Council of European Municipalities and Regions (CEMR)
European section of United Cities and Local Governments


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Cohesion policy

REGI Committee - 20.02.2020

​MEPs ready to veto Council’s budget plan to protect cohesion
MEPs are prepared to reject the European Council’s proposal for Europe’s next long-term budget, on grounds that it would mean massive cuts to cohesion policy. This was made clear today at a hearing of the European Parliament’s Committee for Regional Development (REGI).

REGI Committee Chair Younous Omarjee spoke in categorical terms: “As of now there is only one message: if [European Council President] Charles Michel’s proposal does not move closer to that of the Parliament, then Parliament will reject it.

CEMR representatives at the event were invited to present our work and positions on behalf of local governments. We exposed our activities as a knowledge hub for local and regional governments, as well as our policy positions, notably concerning the budget.

We need to quickly find an agreement on the next multiannual financial framework, but not at any price”, said CEMR Secretary General Frédéric Vallier. “To cut cohesion policy, as drastically as have proposed the Commission and today the Council, would go against the new Commission’s ambitious objectives, notably for an environmental transition that is just for territories and people.”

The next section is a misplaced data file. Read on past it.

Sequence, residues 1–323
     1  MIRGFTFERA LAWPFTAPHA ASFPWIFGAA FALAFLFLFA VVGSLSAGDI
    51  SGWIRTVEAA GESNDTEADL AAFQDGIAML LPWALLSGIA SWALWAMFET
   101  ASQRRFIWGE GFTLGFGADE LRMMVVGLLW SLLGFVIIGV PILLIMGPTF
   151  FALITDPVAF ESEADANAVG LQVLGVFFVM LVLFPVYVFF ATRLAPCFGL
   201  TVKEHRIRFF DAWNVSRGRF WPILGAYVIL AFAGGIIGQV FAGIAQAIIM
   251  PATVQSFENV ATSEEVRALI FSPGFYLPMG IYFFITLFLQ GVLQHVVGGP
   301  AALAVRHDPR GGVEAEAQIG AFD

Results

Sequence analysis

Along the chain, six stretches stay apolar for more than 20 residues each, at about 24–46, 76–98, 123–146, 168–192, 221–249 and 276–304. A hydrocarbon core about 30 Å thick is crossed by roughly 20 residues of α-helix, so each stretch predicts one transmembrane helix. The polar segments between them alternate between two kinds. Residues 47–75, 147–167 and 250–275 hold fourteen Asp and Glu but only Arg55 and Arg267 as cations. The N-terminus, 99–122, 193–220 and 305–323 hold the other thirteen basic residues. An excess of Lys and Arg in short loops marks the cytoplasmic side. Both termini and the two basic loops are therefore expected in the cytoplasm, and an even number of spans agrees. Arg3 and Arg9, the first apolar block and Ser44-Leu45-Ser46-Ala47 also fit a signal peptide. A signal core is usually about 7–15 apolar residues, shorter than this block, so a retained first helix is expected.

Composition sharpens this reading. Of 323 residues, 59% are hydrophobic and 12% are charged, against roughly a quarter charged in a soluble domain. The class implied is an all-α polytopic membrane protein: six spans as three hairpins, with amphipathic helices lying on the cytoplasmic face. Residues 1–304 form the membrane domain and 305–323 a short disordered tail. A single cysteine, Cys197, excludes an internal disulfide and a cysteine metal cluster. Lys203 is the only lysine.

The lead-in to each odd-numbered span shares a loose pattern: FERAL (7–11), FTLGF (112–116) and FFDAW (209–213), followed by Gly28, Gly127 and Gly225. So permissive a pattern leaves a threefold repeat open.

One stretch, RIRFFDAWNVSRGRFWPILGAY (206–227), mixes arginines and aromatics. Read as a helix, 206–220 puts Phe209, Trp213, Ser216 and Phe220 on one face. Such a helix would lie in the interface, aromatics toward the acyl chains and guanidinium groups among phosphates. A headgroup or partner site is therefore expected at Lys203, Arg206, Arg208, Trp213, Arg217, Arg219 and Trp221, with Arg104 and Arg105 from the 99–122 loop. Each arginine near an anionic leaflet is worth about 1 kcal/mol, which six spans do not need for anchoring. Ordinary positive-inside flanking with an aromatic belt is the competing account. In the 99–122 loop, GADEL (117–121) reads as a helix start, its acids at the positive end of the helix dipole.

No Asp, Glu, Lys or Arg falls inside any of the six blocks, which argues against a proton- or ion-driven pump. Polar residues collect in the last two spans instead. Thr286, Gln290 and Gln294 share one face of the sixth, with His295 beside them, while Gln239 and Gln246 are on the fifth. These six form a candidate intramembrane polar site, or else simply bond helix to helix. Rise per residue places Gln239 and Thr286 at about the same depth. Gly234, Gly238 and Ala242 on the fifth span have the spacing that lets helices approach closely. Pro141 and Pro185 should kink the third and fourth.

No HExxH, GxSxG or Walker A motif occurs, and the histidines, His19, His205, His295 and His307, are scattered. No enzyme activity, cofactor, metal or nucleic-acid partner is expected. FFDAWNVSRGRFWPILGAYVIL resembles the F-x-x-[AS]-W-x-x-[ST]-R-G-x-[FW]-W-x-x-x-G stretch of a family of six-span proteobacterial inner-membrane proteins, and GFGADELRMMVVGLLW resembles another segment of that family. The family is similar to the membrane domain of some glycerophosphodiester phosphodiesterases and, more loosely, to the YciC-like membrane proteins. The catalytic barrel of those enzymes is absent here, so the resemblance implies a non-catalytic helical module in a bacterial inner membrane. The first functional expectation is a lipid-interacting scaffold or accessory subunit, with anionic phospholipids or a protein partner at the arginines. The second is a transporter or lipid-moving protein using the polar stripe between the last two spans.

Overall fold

As detailed in our analysis of the Just Transition Fund (JTF), the new instrument would have only limited added value insofar as it requires cofinancing from existing cohesion programmes (ERDF and ESF+), which can already be dedicated to environmental issues and retraining.

What’s more, under Council President Charles Michel’s proposal, the JTF’s €7.5 billion would not represent new funds, but would be taken from the European Agricultural Fund for Rural Development (EAFRD).

REGI MEPs also expressed their support for the Partnership Principle, under which local and regional governments must be consulted in the drafting of national cohesion spending plans. “The Partnership Principle must be at the heart of the current negotiations”, Omarjee said. “The projects eventually land in the territories themselves; municipalities must then be involved as much as possible in the funds’ implementation.”

National governments in the Council must still agree their position on the future long-term budget. Once this is done, negotiations between the Parliament and Council will begin, but a final agreement still seems months away. CEMR will work with other members of the Cohesion Alliance to ensure that the new budget is socially just and leaves no place behind.
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